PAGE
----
“James Warburton, Seven CEO, was super eager to evolve The Voice in its new home. ‘Supercharge’ I think is the word they use, as well as wanting to inject a new pace,” he says. “It’s a new beginning for all of us, and one we’re really excited about. I’m thrilled that every division of Seven we have discussed The Voice with is genuinely excited, and why not? It’s still the biggest entertainment brand globally and one that ITV is enormously proud of.”
Future of TV
Mott’s prominence in the industry has seen him front and centre of the debate over the future of television production in Australia and he says reality TV will be crucial for networks to survive, though the term doesn’t sit comfortably with him.
“I’ve never really liked the phrase ‘reality TV’ as it does not represent the true nature of what this genre represents,” he says.
You can never underestimate the viewer and in fact we must be respectful to them in how [brand integration] is executed within shows.
“It is just plain and simple TV that entertains and tells Australian stories in a different way to what scripted/drama programs do. Reality strip programming does provide production efficiencies with the volume of episodes and creates the ability to amortise costs over the entire series. Like any show, however, viewer fatigue can set in and we must ensure we can keep the brands fresh whilst at the same time create new formats that will engage an audience.”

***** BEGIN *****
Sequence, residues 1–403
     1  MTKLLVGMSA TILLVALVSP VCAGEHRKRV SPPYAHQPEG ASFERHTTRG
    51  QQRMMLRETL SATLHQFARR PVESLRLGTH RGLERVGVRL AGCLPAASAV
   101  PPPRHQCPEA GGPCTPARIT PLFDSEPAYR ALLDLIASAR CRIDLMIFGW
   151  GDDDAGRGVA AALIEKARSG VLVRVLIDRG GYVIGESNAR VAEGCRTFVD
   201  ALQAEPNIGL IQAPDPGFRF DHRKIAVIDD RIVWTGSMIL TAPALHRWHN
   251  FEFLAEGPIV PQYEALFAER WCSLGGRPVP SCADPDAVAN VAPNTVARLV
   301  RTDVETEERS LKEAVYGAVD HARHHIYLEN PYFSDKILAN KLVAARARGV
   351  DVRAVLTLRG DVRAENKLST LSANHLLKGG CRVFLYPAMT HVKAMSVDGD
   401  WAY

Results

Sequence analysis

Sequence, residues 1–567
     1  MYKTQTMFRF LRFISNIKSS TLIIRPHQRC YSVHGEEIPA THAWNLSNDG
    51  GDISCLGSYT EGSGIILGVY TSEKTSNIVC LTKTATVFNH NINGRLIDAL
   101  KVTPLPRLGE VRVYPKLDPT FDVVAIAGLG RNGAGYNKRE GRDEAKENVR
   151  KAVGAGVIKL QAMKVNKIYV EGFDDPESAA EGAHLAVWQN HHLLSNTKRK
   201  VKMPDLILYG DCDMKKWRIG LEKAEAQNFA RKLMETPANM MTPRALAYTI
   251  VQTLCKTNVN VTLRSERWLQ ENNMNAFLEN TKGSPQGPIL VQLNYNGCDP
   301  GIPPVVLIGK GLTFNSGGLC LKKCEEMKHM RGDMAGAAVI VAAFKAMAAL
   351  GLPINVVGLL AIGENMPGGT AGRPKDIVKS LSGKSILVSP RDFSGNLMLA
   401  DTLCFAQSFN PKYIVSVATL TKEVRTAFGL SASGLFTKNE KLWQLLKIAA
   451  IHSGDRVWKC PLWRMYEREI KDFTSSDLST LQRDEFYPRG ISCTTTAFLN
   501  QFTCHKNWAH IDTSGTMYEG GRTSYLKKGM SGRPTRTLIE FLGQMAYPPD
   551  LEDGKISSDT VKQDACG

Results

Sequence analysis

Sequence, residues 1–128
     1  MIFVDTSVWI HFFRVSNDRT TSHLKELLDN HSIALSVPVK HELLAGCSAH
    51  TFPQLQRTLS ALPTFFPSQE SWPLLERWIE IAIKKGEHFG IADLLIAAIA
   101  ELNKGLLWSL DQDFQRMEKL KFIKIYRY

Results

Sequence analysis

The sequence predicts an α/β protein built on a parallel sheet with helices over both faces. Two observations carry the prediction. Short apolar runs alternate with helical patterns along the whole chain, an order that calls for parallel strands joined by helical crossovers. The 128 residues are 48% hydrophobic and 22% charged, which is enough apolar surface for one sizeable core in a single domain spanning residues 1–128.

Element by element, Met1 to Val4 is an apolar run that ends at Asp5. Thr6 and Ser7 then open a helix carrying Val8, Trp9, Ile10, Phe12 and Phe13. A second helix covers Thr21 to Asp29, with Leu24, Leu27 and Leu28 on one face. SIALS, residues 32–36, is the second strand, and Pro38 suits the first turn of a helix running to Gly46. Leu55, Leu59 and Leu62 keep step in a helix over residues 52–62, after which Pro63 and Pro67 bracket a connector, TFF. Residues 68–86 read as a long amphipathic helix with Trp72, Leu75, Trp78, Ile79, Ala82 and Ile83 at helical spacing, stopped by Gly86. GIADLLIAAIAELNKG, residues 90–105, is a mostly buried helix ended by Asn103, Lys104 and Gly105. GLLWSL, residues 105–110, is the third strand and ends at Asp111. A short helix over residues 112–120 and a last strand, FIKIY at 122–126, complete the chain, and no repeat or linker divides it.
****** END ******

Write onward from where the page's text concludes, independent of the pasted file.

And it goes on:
Brand integration has become an important tool for broadcasters looking to squeeze as many dollars as they can out of shows, and Mott says it should be done where it makes sense but warns it can become “overcooked”.
“You can never underestimate the viewer and, in fact, we must be respectful to them in how it is executed within shows,” he says. “Some shows have done it right and some have gone too far. I will leave that to our discerning viewers [and] readers to determine what shows have and what shows have not.”
The federal government is currently seeking feedback on an options paper about the level of homemade content free to air broadcasters and streaming services should be producing, with Mott sounding the alarm that Australian stories are at risk if they don’t get the balance right.
At the moment broadcasters are required to produce a certain amount of local content in order to keep their TV licences, but streaming services have no local content obligations.
“I think they should be more accountable, what that looks like it is hard to say at this stage. I do feel that there needs to be some sort of quotas implied. I think that would be great for the industry overall,” Mott says.
“If the level of Australian conversations and Australian stories being told are diminished because of some government paper that doesn’t accept the need to ensure that is maintained for generations to come it would be very sad.”
Hamish Hastie is WAtoday’s business reporter.